Jacob Zuma is 'feeling very bad' about corruption case against him

Former South African President Jacob Zuma speaks to his legal team in court where he is facing charges that include fraud corruption and racketeering in Pietermaritzburg, South Africa, May 24, 2019.
Former South African President Jacob Zuma speaks to his legal team in court where he is facing charges that include fraud corruption and racketeering in Pietermaritzburg, South Africa, May 24, 2019.
Image: Themba Hadebe/Pool via REUTERS

Former president Jacob Zuma’s lawyers portrayed him as a financially drained, hated and ashamed man in court this past week, saying the drawn-out court matter against him was taking its toll.

But Zuma appeared confident as he arrived at the Pietermaritzburg High Court every day in a dark luxury vehicle marked “presidential protection”, as supporters jostled to catch a glimpse of him.

In court, the aging former statesman was described as a hated man with a ruined reputation who was being denied the right to a fair trial.

"We sometimes forget that Mr Zuma is a human being. He is a grandfather. He is a father. He is a brother. He has got the same feelings that we all do. Because he has been dirtied over decades with allegations that he is corrupt some of us see him as less of a human. He is feeling very bad about the continuation of this matter. He has shame and pride," his attorney, Daniel Mantsha, told  SowetanLIVE's sister publication TimesLIVE on Friday shortly after arguments in Zuma's application for a stay of permanent prosecution ended.

But Zuma didn’t appear ashamed as he walked confidently into court on Monday morning where his son Duduzane - who is fighting his own legal battles in a culpable homicide case - sat in the public gallery with some of his father's staunchest allies like Carl Niehaus and Black First Land First leader Andile Mngxitama.

He displayed the same confidence when he walked out of court on Friday after his advocate, Muzi Sikhakhane, argued to introduce a letter written by former prosecutions boss Shaun Abrahams which Zuma believes would help him to avoid facing 16 charges that include fraud‚ corruption and racketeering.

"We hope that the court will read the letter and see it for what it is. It is black and white. It is coming from the National Prosecuting Authority, not from us. They, themselves believe that there is political interference. That is why they directed the Hawks to investigate certain prominent politicians, not only for political meddling but for corruption and racketeering," Mantsha said.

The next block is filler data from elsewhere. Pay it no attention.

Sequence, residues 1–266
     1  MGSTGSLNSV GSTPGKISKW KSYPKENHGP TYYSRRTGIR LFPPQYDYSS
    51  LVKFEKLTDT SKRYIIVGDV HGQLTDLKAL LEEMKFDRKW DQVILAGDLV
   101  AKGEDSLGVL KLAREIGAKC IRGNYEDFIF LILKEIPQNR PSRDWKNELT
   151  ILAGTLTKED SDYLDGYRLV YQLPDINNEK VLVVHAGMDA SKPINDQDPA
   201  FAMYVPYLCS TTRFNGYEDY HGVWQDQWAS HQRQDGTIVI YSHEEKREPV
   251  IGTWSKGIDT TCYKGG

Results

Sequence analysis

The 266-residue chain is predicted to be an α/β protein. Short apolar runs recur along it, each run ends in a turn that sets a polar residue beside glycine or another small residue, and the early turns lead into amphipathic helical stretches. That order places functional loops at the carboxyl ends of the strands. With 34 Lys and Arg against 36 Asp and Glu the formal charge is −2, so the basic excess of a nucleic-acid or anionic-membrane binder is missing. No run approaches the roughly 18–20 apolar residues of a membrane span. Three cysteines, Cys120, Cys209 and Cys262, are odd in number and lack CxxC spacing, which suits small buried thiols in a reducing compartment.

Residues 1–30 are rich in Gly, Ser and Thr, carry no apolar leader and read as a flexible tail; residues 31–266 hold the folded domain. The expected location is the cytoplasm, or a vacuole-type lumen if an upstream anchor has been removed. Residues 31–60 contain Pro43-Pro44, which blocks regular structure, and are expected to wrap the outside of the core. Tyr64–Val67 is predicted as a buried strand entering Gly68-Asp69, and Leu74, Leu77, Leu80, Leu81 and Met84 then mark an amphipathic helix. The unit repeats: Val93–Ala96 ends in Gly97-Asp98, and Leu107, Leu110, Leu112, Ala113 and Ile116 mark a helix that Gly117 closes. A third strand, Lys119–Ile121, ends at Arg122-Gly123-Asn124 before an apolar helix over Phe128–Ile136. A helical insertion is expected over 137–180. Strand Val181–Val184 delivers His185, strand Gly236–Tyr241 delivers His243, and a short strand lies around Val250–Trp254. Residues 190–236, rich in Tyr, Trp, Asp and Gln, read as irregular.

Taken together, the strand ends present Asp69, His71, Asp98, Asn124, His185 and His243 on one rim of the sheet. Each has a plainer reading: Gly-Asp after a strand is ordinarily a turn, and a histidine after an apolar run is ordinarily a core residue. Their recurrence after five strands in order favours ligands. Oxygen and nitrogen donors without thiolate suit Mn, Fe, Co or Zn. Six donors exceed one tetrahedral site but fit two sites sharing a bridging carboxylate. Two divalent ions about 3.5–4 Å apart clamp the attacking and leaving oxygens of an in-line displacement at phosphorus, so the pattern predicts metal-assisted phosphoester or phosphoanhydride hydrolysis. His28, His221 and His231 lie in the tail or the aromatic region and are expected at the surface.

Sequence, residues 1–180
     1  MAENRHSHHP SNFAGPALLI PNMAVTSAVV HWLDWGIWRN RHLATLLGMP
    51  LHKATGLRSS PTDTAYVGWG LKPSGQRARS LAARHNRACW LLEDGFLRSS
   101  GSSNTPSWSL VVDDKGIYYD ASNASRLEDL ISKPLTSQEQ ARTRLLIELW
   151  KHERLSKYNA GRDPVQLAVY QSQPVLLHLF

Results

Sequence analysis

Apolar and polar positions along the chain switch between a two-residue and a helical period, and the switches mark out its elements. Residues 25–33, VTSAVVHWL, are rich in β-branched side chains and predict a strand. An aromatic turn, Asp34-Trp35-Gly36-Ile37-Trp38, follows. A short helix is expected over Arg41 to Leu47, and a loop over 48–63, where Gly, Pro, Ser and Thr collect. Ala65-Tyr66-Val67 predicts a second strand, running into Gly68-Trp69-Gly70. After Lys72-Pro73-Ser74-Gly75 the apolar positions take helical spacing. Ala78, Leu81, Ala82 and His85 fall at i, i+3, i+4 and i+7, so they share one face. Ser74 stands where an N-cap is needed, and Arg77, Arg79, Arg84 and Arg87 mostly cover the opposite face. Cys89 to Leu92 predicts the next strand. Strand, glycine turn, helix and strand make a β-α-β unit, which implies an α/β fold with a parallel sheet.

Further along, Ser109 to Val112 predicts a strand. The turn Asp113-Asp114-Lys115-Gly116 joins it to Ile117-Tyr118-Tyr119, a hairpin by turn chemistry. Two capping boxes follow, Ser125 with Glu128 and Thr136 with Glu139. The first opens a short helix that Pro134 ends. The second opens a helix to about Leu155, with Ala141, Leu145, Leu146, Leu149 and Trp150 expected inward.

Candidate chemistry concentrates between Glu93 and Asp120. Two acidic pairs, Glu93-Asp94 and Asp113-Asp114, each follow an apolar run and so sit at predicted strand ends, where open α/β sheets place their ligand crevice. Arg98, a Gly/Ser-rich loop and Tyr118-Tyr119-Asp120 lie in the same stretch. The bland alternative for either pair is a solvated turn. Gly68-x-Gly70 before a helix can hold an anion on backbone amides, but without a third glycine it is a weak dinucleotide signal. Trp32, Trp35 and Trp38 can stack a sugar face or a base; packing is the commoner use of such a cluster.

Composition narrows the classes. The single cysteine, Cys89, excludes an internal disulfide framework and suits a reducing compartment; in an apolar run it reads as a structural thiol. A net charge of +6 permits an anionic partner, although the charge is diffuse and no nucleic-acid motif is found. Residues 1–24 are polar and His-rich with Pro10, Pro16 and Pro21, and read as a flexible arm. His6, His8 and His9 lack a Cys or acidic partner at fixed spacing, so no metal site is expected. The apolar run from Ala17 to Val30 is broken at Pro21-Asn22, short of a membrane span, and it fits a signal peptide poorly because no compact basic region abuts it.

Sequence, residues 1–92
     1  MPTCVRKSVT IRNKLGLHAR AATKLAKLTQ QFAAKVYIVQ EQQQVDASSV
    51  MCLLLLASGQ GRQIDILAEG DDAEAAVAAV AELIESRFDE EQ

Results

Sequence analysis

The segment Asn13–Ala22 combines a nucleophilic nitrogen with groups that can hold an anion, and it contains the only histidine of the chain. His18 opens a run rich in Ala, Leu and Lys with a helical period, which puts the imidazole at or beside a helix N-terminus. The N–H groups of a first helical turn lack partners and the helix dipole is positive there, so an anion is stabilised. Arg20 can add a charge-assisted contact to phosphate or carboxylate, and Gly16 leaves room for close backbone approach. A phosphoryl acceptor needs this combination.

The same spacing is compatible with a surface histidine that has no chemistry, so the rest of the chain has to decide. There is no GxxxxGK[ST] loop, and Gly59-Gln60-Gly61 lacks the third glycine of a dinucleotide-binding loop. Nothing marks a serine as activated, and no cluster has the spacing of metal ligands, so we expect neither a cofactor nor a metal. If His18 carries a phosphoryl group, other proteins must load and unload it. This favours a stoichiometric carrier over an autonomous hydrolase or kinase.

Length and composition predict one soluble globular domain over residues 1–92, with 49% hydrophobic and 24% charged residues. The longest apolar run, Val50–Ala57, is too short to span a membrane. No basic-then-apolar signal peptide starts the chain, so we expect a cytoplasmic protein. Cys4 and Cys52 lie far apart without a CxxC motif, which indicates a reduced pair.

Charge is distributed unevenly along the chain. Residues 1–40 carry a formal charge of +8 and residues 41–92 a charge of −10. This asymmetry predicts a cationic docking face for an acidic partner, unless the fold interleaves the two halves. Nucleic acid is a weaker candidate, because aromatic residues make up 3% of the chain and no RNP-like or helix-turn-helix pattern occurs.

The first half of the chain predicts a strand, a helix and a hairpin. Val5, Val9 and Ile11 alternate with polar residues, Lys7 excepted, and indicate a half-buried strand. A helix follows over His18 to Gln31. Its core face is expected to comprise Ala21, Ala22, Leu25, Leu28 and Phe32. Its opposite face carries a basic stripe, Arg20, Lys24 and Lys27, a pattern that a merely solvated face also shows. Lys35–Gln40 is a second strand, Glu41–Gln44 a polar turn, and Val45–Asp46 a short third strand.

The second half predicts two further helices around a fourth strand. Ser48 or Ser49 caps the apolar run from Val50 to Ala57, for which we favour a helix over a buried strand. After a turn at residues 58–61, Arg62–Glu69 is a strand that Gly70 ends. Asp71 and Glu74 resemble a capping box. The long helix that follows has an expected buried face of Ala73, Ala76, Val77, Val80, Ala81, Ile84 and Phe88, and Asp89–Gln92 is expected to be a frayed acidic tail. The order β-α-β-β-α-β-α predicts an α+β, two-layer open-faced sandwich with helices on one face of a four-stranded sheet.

Sikhakhane told the court that the letter spoke of bribes, former president Thabo Mbeki and ex-justice minister Penuell Maduna.

He argued that the state could not deny that there was political interference when, as late as March 2018, Abrahams was asking the Hawks to investigate claims made by former Thales lawyer Ajay Sooklal that Mbeki had allegedly instructed Maduna to drop the charges.

Sooklal claimed that Maduna was allegedly paid €50,000 to for his part in dropping the charges.

NPA senior counsel Wim Trengove argued that the letter had nothing to do with Zuma's case and therefore it should not be introduced in his bid to escape facing corruption charges.

Thales is accused of agreeing to pay Zuma an annual R500,000 bribe for protection from an investigation into the controversial multi-billion rand arms deal. The alleged bribe was facilitated by Zuma’s former financial adviser‚ Schabir Shaik.

Trengove accused Zuma's legal team of obtaining the letter unlawfully as the document was privileged.  

Trengove told the court that it must have been leaked from the NPA or Hawks and asked the court not to allow Zuma's legal team to submit the letter.

While judges Bhekisisa Mnguni, Thoba Poyo-Dlwati and Ester Steyn deliberate over both applications over the next three months, Zuma's legal team plans to release more evidence to show that the NPA is "untruthful".

As Zuma took the stage to address his supporters on Friday afternoon, Mantsha said: "Wait and see."

"They are many documents that are going to come into light in a few days and weeks in respect that the NPA has been untruthful,” said Mantsha, who did not want to say when and how these documents had come into the Zuma camp’s possession.

“We have to make further applications. We will do whatever we have to do in terms of our laws, to bring those to the attention of our courts.”

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